Cross-Cultural Blunders Have Consequences for Authors (Part 1)

by Beth Fowler ©

by Beth Fowler ©

Communications can go haywire when writing for an audience whose homeland is far from the author’s. Ask former U.S. president Clinton.When the president promised to send a mutual rival to “kingdom come,” an Asian dignitary got upset, not elated. Later Clinton’s and the dignitary’s staffs conferred and discovered the dignitary thought Clinton intended to give the rival a kingdom.

Unfortunately, most writers don’t have staff to clean up cross-cultural gaffes. Fortunately, international freelancers can sidestep blunders by following these practical tips. Later I’ll share a link of cross-cultural gaffes.

Manage Metaphors – Metaphorical language adds color if meanings are the same to readers as to writers. Metaphors are gobbledygook when symbols have unintended connotations. A North American author attempted to compliment readers by referring to them as “mother hens,” implying that they were exemplary parents. Some women readers wrote letters of protest to the editor. Why? In certain circles, mother hen is a Southeast Asian euphemism for head of a brothel. In another incident, United Nations members produced a document depicting an owl to symbolize wisdom. (Who hasn’t heard the saying, “Wise as an owl”? Numerous people apparently.) The message failed. Owls in Asian nations connote stupidity.

Writers selling to international publications and on the internet can take precautions to avoid insulting or confusing readers. First, minimize use of idioms, clichés, slang and jargon. Simply state the facts. Second, find guides listing do’s and don’ts for foreigners. These “culture shock” guides often list language taboos. Third, read material published in the country you hope to sell to. Note if and how figurative language is incorporated. Fourth, when quoting a speaker’s figurative language, include a translation to ensure the literal meaning is apparent. Finally, ask a national to review a draft of the article for clarity and appropriateness of language.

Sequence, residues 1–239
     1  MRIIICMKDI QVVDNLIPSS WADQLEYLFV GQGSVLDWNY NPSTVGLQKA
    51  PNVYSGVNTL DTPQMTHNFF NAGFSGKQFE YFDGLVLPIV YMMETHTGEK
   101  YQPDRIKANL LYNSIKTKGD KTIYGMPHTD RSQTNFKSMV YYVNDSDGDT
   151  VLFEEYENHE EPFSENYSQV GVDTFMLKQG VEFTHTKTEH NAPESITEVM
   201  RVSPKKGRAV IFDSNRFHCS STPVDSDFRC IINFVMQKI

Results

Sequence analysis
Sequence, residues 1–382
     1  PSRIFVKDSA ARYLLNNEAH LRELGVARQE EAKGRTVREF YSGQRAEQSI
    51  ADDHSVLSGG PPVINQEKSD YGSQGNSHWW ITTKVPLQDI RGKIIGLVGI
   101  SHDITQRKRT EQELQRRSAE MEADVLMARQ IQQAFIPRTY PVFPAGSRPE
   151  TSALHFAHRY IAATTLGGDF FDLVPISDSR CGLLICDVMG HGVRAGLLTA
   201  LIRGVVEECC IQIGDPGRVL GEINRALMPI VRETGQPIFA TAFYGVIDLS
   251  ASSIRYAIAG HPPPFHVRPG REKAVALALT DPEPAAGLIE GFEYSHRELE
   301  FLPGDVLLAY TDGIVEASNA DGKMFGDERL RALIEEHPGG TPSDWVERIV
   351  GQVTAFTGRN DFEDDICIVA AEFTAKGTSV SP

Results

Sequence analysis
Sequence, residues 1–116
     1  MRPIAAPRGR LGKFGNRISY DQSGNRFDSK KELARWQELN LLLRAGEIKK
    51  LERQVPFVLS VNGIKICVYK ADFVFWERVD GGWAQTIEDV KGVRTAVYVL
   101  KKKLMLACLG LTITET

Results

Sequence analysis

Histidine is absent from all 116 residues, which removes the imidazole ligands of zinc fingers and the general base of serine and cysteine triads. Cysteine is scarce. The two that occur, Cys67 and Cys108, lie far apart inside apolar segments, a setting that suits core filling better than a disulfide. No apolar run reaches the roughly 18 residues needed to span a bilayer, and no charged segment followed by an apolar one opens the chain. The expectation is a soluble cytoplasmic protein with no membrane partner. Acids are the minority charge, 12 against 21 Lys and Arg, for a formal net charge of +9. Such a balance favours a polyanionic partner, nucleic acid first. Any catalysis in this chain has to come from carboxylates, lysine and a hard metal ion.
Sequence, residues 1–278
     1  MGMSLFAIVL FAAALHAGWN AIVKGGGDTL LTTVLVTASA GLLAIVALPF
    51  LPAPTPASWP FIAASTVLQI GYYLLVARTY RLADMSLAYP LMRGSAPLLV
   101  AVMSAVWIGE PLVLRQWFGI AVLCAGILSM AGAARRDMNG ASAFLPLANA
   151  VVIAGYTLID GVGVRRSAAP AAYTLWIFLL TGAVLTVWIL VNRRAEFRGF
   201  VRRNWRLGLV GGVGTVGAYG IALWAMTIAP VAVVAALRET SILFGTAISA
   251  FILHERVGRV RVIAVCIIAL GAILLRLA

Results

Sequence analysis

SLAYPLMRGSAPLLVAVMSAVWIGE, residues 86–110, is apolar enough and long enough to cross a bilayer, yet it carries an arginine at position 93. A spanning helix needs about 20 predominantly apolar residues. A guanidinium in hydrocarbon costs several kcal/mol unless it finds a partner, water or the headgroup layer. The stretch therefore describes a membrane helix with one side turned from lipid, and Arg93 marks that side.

Covert to Communicate – Numbers are language, too. For instance, because Indonesians are more familiar with badminton courts than with rugby fields and basketball courts, a journalist writing for an Indonesian newspaper described a building as ” . . . five times the length of a badminton court.”

The same consideration should be taken when writing about money. Global writers specify which country’s dollars are quoted by inserting the country’s name as in “…$5 million Hong Kong,” or “HKD$5 million,” or including a statement: “All prices in Hong Kong dollars.” Use official, up-to-date exchange rates to switch from Euros to yen or whatever. Check the financial section in newspapers, the Internet, banks or financial reports on CNN and the like for accurate exchange rates.

Internet searches turn up automatic measurement and currency converters allowing writers to use standards the targeted audience knows. Also consult reliable references to find out if temps are Fahrenheit or Celsius, distances are miles or kilometers, petrol stations charge by the gallon or liter. Triple check numbers before hitting “send” or posting manuscripts to editors. Miscalculations can damage authors’ credibility and future sales.

            Fit in Foreign Phrases – Readers are delighted when international freelancers insert foreign (foreign to the author, not readers) phrases into their writings. Used correctly, well-placed foreign phrases build bridges between authors and readers. Consult someone articulate in your intended audience’s language to verify suitability of foreign phrases.

Cross cultural gaffes

“Follow” to get Part 2 and other articles for writers who like getting published.

Ken’s War, a YA novel by B.K. Fowler, is slated for publication in 2014 by Melange Books LLC



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